Baidu: Still Growing, Still a Great Buy
Lyons is a member of The Motley Fool Blog Network -- entries represent the personal opinion of the blogger and are not formally edited.
Yesterday, in a decidedly broad look at the current (and future) Internet landscape, I took a moment to recognize Chinese web giant Baidu, Inc. (NASDAQ: BIDU) as a company to keep an eye on. Since then, I’ve delved a little bit deeper into the Baidu story; suffice it to say, my verdict has changed. Baidu is a company that’s growing fast with plenty of room to go, and at $135 a share, it’s still a great time to buy. But don’t take my word for it—have a look at the facts:
Their revenues are up.
To those who’ve been paying attention, this shouldn’t come as a surprise. Their revenues, it turns out, are always up. To paint a picture in RMB, 2006-2010 looked like this: 838m, 1.7b, 3.2b, 4.4b, and 7.9b, respectively. That’s a CAGR of 75.3% over a five-year period. Of course, and as with other e-ventures, straight revenue growth doesn’t always lead to an increase in net profit; if operating expenss grow in lockstep with a website’s traffic, then shareholders might be stuck with a slow-cooker.
That's not the case with Baidu.
Their advertising revenue, which accounted, by their modest estimation, for 100% of their total revenues in 2010, is based primarily on a P4P, or pay-for-performance, model. Allow me to explain: advertisers, which increasingly run the gauntlet in terms of size and variety, place bids on certain keywords and phrases. The highest bidder gets a coveted spot in any search results that included that word/phrase in the query, and Baidu pockets the amount of the winning bid every time a user clicks on the bidder's site. In other words, more clicks equals more cash. And guess what?
There are a LOT more clicks coming down the pipeline.
As I’ve already pointed out, China is getting online at an astonishing rate. As in: more new users from 2007-2010 than total users in the U.S. of A. With population penetration at 34% (compared to 74% here at home), that 20% year-over-year growth rate might slow down, but it isn’t about to come screeching to a halt. The Chinese government, which is scrambling to usher the PRC into the Digital Era, will see to it that there are hundreds of millions of new users in the next three to five years. That means a lot more business for Baidu.
Now, will there be some increased expenses associated with that jump in traffic? Sure…with growth comes upkeep, and in this case that’ll come in the form of bandwidth/server acquisition, personnel increase, and R&D. But will those expenses bog Baidu down? If the past in any indicator, absolutely not. From 2008-2010, while total revenues grew by 154%, operating expenses as a percentage of toal revenues tumbled by over 15%, and net income rose a formidable 2.5b. If you’ll indulge me a catch-phrase moment: that’s a lotta yuan.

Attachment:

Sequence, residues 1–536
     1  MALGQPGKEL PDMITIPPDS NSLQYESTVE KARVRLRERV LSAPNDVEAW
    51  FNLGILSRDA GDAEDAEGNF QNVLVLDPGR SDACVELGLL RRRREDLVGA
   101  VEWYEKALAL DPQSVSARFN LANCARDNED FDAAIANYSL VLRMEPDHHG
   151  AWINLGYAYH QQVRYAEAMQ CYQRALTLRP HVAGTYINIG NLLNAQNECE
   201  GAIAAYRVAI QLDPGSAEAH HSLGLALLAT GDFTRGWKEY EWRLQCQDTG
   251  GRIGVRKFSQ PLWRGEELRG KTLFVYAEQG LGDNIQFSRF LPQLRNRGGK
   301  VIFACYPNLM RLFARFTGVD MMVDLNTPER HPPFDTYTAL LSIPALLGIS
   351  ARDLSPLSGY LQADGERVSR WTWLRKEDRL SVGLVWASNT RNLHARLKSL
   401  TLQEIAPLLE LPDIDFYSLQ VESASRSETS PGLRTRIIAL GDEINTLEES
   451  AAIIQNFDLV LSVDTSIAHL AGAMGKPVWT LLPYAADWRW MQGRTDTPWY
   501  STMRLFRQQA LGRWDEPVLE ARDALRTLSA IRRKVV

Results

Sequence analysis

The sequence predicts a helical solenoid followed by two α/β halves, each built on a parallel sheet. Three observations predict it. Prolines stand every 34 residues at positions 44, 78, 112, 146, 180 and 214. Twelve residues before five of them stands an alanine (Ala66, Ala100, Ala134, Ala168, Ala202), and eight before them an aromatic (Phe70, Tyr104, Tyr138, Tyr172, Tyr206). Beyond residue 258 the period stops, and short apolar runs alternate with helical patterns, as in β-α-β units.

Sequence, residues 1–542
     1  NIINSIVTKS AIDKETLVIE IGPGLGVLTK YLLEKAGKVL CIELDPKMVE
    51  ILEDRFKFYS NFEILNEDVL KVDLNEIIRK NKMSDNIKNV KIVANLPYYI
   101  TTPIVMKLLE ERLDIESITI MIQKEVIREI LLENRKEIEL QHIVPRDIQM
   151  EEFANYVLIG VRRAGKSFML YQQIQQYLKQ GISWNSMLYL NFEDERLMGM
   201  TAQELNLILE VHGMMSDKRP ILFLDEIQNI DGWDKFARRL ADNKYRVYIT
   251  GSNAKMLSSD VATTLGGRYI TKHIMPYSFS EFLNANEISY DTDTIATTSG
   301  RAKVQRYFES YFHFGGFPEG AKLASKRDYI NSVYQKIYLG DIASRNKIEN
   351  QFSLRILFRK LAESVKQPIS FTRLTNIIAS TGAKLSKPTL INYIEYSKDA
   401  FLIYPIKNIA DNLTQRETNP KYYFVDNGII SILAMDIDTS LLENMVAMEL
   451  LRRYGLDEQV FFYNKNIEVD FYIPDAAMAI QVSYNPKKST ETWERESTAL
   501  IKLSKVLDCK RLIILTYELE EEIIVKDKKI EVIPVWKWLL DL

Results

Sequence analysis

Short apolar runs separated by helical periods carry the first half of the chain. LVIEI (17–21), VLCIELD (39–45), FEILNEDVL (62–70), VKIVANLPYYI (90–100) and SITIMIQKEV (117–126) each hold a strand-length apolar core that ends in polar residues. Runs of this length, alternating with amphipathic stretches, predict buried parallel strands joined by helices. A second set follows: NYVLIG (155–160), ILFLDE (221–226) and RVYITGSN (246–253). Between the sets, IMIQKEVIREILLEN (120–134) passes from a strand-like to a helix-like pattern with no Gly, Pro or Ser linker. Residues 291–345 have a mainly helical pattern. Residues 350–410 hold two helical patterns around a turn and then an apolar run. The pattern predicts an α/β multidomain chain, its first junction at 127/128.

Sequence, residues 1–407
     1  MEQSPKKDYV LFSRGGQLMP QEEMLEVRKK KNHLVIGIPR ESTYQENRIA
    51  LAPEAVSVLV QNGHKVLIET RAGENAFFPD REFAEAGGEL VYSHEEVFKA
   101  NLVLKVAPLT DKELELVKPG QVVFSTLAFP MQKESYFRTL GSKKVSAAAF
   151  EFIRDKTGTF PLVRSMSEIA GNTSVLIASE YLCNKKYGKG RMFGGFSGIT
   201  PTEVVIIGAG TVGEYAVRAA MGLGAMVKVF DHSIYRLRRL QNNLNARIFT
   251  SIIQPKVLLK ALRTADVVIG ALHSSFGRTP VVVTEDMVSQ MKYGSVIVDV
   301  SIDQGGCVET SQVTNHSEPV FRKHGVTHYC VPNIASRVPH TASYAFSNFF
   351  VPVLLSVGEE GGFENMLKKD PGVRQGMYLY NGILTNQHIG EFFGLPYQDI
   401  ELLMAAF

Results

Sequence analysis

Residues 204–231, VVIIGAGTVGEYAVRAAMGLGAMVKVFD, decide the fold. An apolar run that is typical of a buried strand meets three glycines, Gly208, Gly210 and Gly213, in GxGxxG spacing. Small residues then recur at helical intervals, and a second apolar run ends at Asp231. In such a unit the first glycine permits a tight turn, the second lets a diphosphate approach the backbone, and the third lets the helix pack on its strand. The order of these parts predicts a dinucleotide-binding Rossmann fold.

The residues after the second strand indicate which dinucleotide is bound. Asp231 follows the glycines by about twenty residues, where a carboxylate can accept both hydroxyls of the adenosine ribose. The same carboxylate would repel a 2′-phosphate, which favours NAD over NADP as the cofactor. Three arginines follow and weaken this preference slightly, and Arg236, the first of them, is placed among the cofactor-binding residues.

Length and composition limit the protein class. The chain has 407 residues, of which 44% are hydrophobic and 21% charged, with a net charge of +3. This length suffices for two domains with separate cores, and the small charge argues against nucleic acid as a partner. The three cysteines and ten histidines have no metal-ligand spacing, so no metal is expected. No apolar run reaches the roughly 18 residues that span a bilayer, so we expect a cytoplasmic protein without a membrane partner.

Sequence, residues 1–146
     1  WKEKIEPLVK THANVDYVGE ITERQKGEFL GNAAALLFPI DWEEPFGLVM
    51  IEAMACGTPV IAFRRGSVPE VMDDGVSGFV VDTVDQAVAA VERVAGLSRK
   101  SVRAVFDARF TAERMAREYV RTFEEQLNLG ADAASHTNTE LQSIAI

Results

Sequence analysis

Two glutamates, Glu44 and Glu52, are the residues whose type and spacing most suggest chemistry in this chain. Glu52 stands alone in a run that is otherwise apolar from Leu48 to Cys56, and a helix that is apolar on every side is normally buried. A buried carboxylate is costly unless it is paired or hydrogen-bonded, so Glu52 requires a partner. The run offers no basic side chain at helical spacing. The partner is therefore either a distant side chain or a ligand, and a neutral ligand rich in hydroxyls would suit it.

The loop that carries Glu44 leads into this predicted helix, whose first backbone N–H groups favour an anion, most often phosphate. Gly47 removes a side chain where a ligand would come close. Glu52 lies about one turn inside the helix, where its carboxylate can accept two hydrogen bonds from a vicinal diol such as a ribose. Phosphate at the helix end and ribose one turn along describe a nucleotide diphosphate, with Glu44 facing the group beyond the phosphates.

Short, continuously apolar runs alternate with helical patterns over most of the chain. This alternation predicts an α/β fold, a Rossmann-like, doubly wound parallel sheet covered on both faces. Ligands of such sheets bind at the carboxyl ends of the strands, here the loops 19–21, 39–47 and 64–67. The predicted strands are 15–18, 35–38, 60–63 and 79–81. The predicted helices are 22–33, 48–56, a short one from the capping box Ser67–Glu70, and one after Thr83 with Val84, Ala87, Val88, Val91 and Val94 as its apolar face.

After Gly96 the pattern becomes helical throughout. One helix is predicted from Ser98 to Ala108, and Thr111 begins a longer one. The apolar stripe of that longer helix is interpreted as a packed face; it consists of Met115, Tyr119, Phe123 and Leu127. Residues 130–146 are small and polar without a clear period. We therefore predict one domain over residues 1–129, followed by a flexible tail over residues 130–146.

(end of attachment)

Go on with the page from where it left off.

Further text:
But what about the competition?
To be brutally honest: they hardly exist. Baidu.com is, according to independent studies, the largest website in China, claiming a staggering 76% revenue share of the country’s Internet search market. With Google (NASDAQ: GOOG) gone underground and their brand at all-time high, Baidu is, in no uncertain terms, a cornerstone in the emergence of a digital China. They provide services for finding media, businesses, people, merchandise, news, knowledge, and everything else you could want from the Internet—including a special site catered to senior citizens making their first tender steps into cyberspace. Finally bought Granny a laptop? Put her at ease with the Baidu Senior Citizen Search!
Couple this stunning dominance with the fact that it all occurs in a character-and-pinyin-friendly context, and you’ve got a company with a massive head-start on whoever is gunning for their territory. Sound too good to be true? Maybe it is. Maybe, as I write this, two starving students in a Wudaokou flat are plotting a new way for their countrymen to experience the web, a revolution that will kick Baidu* out to the has-been curb. Stranger things have happened. For the time being, though, people are still enamored of search bars, China is still lurching toward modernity, and Baidu is still a very good buy.
*And Google: in case you hadn’t noticed, the two operate under essentially identical business models…except for the whole, ya know, “willingness to work with the Chinese government” thing.
Lyons Geoge does not hold a position in any of the above-mentioned companies.